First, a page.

New Smartphones Could Let Players Cheat at Poker, Google Expert Says

A specially designed mobile phone could be helping people cheat at poker: that’s the warning from Google’s anti-abuse team.

Elie Bursztein poker phone scam.

Google tech expert Elie Bursztein has found that mobile devices can turn live poker players into super-users. (Image: elie.net)

Speaking at this year’s summer DEF CON 24 conference, Google’s Elie Bursztein explained that the Smartphone device could be purchased online for $1,300 and enable unscrupulous poker players to gain an unfair advantage.

Delving into the Device

Discussing the device at the Las Vegas tech conference back in August, Bursztein detailed his experience with it in three October blog posts.

After learning about the phone via an underground forum post back in 2015, the anti-abuse researcher decided to see for himself whether or not it actually worked.

A few weeks of research and some clever tech tricks later, and Bursztein was able to source the manufacturer and order one for $1,300 (as opposed to the usual cost of $5,000). Despite some trepidation, the device arrived along with a few decks of marked cards and some accessories.

According to Bursztein, the device looked very much like a phone, but once he started exploring its features it showed its true potential.

Much like the real thing, the phone could make calls and run apps. The one major difference, however, was that it had an infrared option that allows users to see the cards of their opponents.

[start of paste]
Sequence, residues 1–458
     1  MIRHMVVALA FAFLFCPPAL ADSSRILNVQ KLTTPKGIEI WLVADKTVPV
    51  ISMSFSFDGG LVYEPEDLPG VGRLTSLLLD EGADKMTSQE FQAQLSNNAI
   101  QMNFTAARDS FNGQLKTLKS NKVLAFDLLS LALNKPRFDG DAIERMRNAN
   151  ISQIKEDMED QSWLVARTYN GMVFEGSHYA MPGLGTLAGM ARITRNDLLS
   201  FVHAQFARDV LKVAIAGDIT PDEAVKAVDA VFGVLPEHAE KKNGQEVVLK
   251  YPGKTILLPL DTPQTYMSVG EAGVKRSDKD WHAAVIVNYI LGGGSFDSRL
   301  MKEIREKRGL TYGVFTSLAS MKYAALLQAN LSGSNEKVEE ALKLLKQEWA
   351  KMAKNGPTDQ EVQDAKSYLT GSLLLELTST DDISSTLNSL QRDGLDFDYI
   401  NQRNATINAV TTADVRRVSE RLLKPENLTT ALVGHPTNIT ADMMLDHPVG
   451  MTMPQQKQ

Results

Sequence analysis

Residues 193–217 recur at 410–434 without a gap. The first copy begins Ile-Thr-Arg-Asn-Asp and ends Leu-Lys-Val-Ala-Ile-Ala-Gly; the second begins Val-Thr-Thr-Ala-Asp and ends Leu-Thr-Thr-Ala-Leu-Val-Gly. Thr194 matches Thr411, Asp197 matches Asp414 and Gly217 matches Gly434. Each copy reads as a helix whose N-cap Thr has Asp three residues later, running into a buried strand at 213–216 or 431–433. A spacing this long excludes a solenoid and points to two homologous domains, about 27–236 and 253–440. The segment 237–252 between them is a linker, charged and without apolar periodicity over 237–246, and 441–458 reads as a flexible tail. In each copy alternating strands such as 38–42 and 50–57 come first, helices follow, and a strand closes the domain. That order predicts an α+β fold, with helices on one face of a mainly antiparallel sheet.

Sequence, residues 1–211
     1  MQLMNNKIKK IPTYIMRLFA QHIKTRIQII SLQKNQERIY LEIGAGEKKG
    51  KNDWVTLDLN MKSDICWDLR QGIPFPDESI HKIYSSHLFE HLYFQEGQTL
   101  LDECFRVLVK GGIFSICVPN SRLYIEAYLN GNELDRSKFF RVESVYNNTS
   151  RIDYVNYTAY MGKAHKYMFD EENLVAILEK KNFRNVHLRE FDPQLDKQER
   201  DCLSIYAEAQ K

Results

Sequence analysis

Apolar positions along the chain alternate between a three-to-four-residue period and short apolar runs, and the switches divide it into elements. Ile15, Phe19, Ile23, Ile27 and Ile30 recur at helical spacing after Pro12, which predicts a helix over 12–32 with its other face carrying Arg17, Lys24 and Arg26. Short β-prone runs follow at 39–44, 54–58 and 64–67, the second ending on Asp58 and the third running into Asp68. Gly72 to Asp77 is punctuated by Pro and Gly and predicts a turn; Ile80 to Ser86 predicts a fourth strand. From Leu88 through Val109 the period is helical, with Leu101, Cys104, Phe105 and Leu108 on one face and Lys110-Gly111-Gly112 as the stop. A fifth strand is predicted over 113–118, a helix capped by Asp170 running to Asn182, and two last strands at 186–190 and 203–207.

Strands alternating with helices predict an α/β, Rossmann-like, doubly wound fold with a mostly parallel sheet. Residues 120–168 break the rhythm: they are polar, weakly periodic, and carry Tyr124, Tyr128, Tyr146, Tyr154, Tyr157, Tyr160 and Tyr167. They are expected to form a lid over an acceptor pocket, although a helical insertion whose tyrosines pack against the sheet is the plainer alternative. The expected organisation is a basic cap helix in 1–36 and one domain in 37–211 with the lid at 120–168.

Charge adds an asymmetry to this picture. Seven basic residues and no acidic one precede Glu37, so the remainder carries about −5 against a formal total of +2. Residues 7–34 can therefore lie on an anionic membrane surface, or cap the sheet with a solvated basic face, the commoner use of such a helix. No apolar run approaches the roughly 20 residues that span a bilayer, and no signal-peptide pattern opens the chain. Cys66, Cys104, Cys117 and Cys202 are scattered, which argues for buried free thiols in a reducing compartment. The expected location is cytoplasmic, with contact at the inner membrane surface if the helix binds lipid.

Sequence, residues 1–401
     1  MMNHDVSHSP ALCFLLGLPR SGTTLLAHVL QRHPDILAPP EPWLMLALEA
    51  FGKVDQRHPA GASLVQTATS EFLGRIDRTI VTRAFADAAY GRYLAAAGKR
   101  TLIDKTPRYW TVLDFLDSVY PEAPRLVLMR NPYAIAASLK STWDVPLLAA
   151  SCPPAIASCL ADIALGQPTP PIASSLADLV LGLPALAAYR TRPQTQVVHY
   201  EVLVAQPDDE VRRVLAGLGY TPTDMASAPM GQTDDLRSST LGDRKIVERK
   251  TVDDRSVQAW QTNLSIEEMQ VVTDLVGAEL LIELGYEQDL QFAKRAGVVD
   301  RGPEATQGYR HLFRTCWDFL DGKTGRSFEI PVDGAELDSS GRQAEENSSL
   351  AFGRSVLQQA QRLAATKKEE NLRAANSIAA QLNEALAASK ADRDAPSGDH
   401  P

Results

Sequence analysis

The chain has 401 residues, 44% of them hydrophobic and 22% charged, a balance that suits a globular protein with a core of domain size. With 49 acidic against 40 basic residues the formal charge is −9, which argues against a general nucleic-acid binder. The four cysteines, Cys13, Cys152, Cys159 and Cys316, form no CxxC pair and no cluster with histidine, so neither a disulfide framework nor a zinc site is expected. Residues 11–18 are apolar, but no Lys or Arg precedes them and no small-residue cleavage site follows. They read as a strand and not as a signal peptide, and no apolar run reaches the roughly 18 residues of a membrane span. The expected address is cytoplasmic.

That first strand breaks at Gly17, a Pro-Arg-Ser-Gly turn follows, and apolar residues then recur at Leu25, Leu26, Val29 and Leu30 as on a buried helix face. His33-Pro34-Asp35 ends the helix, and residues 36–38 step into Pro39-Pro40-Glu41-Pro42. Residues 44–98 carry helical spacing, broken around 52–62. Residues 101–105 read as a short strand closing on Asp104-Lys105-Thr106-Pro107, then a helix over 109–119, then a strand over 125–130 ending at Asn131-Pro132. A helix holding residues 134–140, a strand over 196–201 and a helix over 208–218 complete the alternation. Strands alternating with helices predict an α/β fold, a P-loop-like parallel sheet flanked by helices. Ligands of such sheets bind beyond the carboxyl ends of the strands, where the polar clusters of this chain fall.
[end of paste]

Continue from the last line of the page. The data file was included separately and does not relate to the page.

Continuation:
Innocuous-Looking App Exposes Hole Cards

Activated by an app on the home screen which is simply labeled “game,” a hidden camera (on the side of the phone) is able to read invisible markings on the corners of a dodgy deck. This combination of images, infrared-absorbing ink, and LEDs then allows the device to predict the value of the card in view before displaying it to the user.

Although Bursztein goes into a lot more detail over the course of his blog posts, the main takeaways are that it’s a highly sophisticated piece of equipment, and even more shocking, it’s being used in poker rooms currently.

Despite initially thinking it was a product mainly being used by Asian cheaters, Bursztein has since learned that it’s been spotted in card rooms across Las Vegas.

How criminals are manipulating the game in order to introduce the marked cards is unclear, but it’s possible that players in private games are being duped. In much the same way that Absolute Poker and UltimateBet players were victims of a super-user, live players could now find themselves playing against someone capable of seeing their hole cards.

In summarizing the product, Bursztein concluded that “high-end poker cheating devices are real and highly efficient,” which means poker players should be alert when it comes to private games and players with phones on the felt.

Daniel Smyth
Written by
Daniel Smyth
Dan Smyth is a poker media journeyman who politely reminds CardsChat readers that poker is played all around the world, not just America.

Comments

nevadanick wrote...

No electronics at the table.

Jeshua Kane wrote...

yeah that should be a new rule

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